The 12th annual Regent Park Film Festival starts today and runs until Saturday. If you’re not familiar with this festival, they’re the only free-of-charge film festival in Toronto that focuses on promoting the talents of local filmmakers, building a strong arts community in Regent Park, and highlights the work of multicultural filmmakers from around the world. All film screenings will be held at the Daniels Spectrum (585 Dundas Street East), and will be accompanied by fascinating talks, workshops, and panels. Here’s a quick roundup of the best things to check out this year.
Emerging Directors Spotlight
RPFF’s top priority is to profile and highlight new filmmakers who bring a wealth of talent with them from a variety of different cultures and orientations. This year’s opening night screening will focus on four directors under 26 years old, and will screen a short film from each. Blow Out (directed by Anthony Swan) details a drunken Truth or Dare game between two siblings in mourning. Hailstorm (directed by John Virtue) is a character study of an eco-terrorist planning to bomb a meat-packing factory. Still (directed by Slater Jewell-Kemker) is the dark tale of a young couple in an abusive relationship hopelessly lost in the winter woods. Finally, in a homage to the transformative community the Regent Park Film Festival is based in, Richard Fung’s short documentary The Journey interviews local artists who reflect on how this community has influenced their work and how important it is to their creative and personal lives. A panel after the screenings will discuss the experience of being an emerging filmmaker in the Canadian industry and their relationship to programmers, producers, distributors, and the international markets. Wednesday, November 19, 7:30 p.m.
The New Black
I’m really excited for The New Black–in the wake of films like The Case Against 8, which document the struggles LGBTQ people face when arguing for political representation and equal rights, it’s great to see this struggle being approached from the perspective of LGBTQ people of colour. The film outlines the journey of African-American queer activists fighting to legalize same-sex marriage in Maryland. By getting an in-depth and thorough look at the trials and tribulations of the activists, the film also explores the root of homophobia in the Black community and the individuals who attempt to redefine the meaning of family despite religious roots. The Talkback panel after the film, which explores racial perspectives and representation in the LGBTQ community, should be similarly fascinating. Thursday, November 20, 6:30-8:45 p.m.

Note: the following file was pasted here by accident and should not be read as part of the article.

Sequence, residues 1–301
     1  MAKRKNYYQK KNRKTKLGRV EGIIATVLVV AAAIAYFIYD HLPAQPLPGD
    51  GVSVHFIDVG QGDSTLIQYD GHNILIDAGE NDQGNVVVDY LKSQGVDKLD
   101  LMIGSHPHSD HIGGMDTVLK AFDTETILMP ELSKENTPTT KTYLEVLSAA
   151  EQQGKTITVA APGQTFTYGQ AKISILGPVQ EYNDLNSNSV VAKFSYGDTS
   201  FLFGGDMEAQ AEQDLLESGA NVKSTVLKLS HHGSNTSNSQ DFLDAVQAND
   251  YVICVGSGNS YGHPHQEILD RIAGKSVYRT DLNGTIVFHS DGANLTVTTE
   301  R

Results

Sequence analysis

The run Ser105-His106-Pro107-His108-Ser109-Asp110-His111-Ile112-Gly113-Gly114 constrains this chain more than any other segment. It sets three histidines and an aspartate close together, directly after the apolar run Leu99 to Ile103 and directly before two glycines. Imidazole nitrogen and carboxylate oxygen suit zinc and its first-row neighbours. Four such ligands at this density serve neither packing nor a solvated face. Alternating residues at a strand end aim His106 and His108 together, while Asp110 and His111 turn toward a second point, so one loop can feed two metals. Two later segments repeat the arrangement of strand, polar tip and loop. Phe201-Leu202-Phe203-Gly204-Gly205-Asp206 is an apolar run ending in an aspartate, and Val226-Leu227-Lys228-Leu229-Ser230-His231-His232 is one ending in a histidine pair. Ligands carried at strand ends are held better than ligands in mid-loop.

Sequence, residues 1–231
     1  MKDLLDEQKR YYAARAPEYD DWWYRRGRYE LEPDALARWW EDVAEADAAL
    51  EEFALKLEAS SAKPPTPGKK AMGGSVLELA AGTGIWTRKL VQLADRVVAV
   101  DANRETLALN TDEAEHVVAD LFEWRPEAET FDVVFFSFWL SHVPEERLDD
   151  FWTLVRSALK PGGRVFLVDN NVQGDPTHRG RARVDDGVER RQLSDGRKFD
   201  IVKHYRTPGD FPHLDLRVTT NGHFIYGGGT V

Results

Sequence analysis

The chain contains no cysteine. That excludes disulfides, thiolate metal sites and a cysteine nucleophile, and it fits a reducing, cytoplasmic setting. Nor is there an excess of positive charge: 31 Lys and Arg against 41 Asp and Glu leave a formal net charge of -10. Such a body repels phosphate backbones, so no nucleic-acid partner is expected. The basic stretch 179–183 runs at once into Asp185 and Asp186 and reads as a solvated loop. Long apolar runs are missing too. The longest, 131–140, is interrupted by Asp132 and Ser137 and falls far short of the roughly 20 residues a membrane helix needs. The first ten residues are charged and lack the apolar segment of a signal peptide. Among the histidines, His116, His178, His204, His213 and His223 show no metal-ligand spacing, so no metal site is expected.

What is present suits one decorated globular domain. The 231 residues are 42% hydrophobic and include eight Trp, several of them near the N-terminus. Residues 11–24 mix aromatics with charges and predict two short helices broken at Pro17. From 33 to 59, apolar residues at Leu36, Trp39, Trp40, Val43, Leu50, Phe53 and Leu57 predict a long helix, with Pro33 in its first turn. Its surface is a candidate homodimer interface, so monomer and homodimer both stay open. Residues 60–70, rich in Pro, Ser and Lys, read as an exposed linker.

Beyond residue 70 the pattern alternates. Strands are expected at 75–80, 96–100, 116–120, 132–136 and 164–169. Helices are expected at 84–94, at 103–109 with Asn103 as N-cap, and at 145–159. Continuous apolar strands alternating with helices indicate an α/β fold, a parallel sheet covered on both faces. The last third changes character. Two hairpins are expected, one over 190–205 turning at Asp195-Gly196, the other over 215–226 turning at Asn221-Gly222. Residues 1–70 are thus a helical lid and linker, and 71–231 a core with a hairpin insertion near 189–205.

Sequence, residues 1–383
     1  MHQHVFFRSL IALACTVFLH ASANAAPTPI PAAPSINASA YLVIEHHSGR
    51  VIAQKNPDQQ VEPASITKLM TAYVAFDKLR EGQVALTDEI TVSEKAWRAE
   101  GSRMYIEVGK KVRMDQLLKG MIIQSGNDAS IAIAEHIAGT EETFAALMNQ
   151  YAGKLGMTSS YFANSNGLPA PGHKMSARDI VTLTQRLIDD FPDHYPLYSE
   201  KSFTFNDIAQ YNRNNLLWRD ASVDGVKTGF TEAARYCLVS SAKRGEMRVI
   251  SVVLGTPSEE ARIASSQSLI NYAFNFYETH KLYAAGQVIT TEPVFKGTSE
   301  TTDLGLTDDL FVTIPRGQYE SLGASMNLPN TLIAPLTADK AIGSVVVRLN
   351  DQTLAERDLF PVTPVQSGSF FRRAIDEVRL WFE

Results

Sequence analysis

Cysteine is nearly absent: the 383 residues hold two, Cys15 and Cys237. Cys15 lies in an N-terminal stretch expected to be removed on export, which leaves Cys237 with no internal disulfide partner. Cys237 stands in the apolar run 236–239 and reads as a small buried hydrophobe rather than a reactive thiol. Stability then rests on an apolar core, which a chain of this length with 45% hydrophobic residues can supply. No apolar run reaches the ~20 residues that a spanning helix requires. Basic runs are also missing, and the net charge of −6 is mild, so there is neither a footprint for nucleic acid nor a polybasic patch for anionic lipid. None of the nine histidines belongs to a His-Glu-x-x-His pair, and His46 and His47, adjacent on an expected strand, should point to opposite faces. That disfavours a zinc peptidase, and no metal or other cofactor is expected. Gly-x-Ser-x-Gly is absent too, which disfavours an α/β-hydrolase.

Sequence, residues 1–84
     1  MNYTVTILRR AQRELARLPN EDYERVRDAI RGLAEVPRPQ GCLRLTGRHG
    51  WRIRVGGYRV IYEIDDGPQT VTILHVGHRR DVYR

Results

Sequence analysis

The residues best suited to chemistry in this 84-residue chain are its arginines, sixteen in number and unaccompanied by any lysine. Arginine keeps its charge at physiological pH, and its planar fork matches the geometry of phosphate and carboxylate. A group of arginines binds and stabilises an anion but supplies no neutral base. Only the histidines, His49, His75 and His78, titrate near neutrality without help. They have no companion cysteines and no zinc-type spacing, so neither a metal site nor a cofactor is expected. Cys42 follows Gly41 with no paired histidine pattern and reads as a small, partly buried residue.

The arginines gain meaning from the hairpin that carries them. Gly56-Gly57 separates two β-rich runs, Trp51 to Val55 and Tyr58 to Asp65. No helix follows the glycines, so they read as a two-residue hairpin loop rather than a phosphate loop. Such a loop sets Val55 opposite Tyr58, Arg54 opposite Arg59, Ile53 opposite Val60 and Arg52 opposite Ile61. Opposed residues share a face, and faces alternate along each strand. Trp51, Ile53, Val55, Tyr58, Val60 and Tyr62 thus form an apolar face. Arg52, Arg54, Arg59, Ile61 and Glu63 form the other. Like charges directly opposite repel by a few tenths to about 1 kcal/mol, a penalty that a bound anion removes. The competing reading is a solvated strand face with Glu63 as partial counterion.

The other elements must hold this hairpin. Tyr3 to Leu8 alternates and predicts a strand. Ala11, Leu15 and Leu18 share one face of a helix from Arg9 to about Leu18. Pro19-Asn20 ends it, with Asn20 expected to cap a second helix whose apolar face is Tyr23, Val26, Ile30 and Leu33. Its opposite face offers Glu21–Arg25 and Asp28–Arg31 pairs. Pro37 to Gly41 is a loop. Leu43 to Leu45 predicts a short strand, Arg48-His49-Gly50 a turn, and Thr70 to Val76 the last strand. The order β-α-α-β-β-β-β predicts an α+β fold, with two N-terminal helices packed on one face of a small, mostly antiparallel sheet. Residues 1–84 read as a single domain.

Digital Activism Workshop
Are you a social justice activist who wants to learn how to use the power of film and the digital sphere to let your voice be heard? Attend both sessions of the Regent Park Film Festival’s Digital Activism program. Thursday afternoon’s panel will feature digital activists presenting case students of their recent film projects and discuss how to marry cinematic art with advocacy. The Friday afternoon workshop, led by York University MFA grad students, will be totally hands-on and requires no previous experience in filmmaking. The best part is that all activities are led in small groups of 2-3, ensuring that everyone will be able to ask questions and receive attentive guidance as they learn how to film a demo, interview community activists, and how to visualize a social justice action. After the workshop, your projects will be screened for the group with an in-depth discussion on activism in the digital age. Thursday, November 20, 3:30- 5:30 p.m., and Friday, November 21, 3:30-5:30 p.m.
Rhymes for Young Ghouls
If you missed Jeff Barnaby’s film about a tough 15-year-old rebel living on the Red Crow Mi’gMaq reservation in 1976 at TIFF last year, you can catch it this Friday at RPFF–lucky you! Garnering great reviews at TIFF 2013, the film features an immensely likeable protagonist: Alia is a tough-as-nails punk weed dealer who seeks to one day leave the reservation, but still values holding on to her roots. Wildly stylistic, fast-paced but tender, and as bloody as a Tarantino revenge fantasy, Rhymes for Young Ghouls is totally worth checking out. Friday, November 21, 9-10:45 p.m.
The Breakfast Club: Wadjda
You may have skimmed to the time and date portion of this film–which, yes, is at 9:30 a.m. on a Saturday–but never fear, it comes with a free catered breakfast before the screening! But the film itself looks to be a fascinating and inspiring story from Haifaa Al Mansour, widely-regarded as Saudi Arabia’s first female director. Wadjda is a fun-loving young Saudi girl whose greatest dream is to purchase a green bicycle so she can beat her friend at a race. Facing resistance from her mother and society, Wadjda comes up with all sorts of ingenious schemes to nab her bicycle. Definitely wake up early for this one. Saturday, November 22, 9-11:30 a.m.